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Holden Volt 2014 review

So. We just got our first electricity bill since taking possession of the Volt electric car. We've clocked up more than 1000km in the past few weeks but have not had to put a single drop of petrol in the car yet. We have however dutifully plugged it in each night to recharge, but with a range of 85km or so it's enough to get us to and from work on a single charge.

Price/Features

There's two ways to look at this car. Either as a rather expensive electric vehicle or as a reasonably cheap premium car with plenty to offer including a stack of hi-tech goodies. The Volt has got geek written all over it and as such would appeal to a broad spectrum of buyers but sadly at $59,990, it is beyond the means of most Australians.

Holden managed to sell 101 of the rebadged Chevrolets in 2013. Nissan in comparison managed to sell 188 of its fully electric LEAF EV (with a bit of price cutting). The car looks at once sporty and futuristic with its white iPod style interior. The infotainment system features a touch-sensitive centre console with a 7-inch colour touch screen display, the interface for infotainment, climate controls and satellite navigation.

A second similarly sized screen occupies the place normally reserved for the speedometre and other dials, with a large digital display of the car's current speed. Other features include Bluetooth, voice recognition, DVD playback, USB input with iPod compatibility, 30GB hard drive and Premium Bose audio.

Technology

The big difference between the Volt and other EVs including the LEAF is that the Holden also has a small petrol engine or range extender as it is called. But this engine does not at any time power the wheels, rather it powers a generator that provides more electricity to extend the range of the car.

The Volt can be recharged in less than six hours using a normal 10 amp power point for a cost of as little as $2.50 for a full charge. And, fully charged, it has a range of up to 87km on electricity alone and, more than 600km with its petrol motor. In the few weeks we've had the car our electricity bill has risen only $25 and we've charged it more than 10 times which makes it pretty economic. Select your departure time, select off peak power and it is ready to go in the morning.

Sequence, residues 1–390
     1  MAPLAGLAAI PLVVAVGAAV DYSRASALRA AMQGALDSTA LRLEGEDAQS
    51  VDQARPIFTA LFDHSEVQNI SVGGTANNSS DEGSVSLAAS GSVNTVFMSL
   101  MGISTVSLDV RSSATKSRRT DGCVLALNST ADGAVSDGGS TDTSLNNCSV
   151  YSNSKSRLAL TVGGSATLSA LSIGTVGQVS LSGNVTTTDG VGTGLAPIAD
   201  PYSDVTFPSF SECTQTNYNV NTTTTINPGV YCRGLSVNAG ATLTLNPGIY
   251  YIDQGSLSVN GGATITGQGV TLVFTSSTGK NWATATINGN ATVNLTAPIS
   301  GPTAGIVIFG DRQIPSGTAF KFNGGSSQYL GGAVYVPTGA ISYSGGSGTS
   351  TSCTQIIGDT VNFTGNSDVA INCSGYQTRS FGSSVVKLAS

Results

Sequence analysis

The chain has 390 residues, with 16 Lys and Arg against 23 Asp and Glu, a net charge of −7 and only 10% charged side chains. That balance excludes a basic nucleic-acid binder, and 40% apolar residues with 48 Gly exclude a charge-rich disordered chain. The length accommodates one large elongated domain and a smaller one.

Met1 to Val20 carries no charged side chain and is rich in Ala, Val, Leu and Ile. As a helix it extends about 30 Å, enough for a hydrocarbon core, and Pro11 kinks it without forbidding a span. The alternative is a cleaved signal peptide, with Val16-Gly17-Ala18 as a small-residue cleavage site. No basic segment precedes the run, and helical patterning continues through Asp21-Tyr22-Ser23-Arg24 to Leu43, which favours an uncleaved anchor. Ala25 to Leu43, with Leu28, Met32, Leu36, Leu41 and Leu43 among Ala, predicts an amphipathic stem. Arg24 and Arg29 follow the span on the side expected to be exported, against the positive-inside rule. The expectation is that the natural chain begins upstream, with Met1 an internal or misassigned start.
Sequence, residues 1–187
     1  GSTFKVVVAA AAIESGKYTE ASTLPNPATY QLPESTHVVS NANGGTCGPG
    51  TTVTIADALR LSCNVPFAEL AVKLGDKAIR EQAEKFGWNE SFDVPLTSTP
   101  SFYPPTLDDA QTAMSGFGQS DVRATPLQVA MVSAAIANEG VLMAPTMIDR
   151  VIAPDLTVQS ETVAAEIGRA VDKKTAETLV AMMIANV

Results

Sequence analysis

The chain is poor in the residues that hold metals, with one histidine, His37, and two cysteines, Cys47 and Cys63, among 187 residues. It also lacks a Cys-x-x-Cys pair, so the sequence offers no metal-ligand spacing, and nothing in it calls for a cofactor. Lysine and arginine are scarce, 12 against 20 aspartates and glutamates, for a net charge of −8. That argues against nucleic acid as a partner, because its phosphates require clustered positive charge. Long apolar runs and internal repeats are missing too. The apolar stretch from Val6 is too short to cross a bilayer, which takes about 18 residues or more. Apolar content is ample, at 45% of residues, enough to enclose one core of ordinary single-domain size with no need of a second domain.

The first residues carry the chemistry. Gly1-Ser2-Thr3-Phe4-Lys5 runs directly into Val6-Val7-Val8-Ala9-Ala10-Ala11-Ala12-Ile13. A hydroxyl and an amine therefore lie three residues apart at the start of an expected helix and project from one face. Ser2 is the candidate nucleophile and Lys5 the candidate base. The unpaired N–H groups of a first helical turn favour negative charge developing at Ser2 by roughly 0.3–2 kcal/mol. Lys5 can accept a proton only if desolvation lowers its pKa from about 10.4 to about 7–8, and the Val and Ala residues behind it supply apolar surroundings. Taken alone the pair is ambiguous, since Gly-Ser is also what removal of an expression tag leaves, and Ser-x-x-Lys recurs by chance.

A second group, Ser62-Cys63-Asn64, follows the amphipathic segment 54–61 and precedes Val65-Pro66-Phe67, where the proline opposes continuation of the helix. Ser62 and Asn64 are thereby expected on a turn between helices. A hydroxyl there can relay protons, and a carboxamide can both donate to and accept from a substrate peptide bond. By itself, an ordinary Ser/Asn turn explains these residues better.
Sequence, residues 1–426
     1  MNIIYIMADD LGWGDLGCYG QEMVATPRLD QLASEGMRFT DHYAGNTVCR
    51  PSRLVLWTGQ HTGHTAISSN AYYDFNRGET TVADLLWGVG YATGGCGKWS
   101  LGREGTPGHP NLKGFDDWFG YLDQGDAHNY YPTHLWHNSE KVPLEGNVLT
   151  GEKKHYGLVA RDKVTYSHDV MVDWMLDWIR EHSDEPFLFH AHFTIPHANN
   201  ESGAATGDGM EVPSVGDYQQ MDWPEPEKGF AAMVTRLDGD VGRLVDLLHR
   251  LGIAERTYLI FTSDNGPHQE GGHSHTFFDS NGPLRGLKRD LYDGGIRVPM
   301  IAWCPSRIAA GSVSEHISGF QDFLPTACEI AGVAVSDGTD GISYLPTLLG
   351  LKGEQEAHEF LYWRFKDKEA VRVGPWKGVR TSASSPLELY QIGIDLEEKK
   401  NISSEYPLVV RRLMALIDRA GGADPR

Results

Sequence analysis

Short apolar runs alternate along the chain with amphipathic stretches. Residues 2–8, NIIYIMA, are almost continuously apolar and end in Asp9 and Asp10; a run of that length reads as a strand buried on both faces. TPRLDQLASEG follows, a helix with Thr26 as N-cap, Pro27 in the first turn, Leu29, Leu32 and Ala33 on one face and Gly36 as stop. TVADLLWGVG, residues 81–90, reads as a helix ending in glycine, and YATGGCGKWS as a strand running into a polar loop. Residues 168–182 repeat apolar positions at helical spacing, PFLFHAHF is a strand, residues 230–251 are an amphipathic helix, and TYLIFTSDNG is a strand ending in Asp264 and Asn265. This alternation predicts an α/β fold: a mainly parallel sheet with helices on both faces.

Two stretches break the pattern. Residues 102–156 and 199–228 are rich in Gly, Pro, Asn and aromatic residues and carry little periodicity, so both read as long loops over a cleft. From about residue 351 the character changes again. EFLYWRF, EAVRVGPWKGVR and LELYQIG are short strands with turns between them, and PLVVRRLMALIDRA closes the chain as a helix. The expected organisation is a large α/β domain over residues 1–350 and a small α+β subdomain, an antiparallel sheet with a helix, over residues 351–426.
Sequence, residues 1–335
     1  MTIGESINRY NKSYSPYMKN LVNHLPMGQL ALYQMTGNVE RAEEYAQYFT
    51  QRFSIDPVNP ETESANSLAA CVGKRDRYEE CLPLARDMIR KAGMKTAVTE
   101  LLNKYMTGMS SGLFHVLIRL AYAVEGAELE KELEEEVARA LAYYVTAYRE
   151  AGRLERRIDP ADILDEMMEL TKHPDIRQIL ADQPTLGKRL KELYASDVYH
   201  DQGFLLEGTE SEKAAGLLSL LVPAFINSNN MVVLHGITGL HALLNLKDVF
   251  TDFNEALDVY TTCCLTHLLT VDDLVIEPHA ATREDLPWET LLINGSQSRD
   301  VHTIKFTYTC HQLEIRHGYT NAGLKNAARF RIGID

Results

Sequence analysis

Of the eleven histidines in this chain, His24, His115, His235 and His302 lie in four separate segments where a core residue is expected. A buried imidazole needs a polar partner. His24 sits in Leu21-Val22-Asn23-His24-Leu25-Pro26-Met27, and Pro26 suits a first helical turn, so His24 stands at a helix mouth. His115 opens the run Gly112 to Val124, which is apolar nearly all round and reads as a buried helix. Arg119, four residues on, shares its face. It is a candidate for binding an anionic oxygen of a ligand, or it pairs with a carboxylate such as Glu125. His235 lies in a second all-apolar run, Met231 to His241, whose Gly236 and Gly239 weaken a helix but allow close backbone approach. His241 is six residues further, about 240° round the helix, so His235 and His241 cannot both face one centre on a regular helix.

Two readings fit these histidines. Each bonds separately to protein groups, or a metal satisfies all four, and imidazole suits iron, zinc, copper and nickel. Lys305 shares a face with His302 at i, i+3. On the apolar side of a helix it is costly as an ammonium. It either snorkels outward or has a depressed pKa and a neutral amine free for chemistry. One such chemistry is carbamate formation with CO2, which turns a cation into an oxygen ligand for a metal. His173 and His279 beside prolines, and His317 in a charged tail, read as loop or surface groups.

Safety

The Volt has received a maximum five star safety rating from the Australian ANCAP organisation. As well as seven airbags it features Lane Departure Warning and Forward Collision Alert as standard.

Driving

Of the hybrid and electric vehicles that we have driven so far the Volt is the first one we'd actually consider buying. The performance from the electric motor is more than adequate and it actually handles quite well too, not to mention being whisper quiet, so quiet in fact that you don't hear it coming.

The sporty four-seat arrangement, with two individual rear seats suits the car. It's a shame the satnav system does not offer school zone or speed camera warnings. Then again neither does the Commodore anymore.

It functions perfectly well as a daily driver and could be very collectable in the years to come, unlike say the first Honda Insight. A larger capacity battery would be icing on the cake but you can't have everything and at least there is no need to be concerned about running out of charge.
 

Also: 2014 Holden Volt review | long term 1

Verdict

We'd seriously consider adding this one to the collection.

Pricing guides

$17,480
Based on third party pricing data
Lowest Price
$14,500
Highest Price
$20,460

Range and Specs

VehicleSpecsPrice*
EV —, Hyb/ULP, CVT AUTO $14,500 – 20,460 2014 Holden Volt 2014 EV Pricing and Specs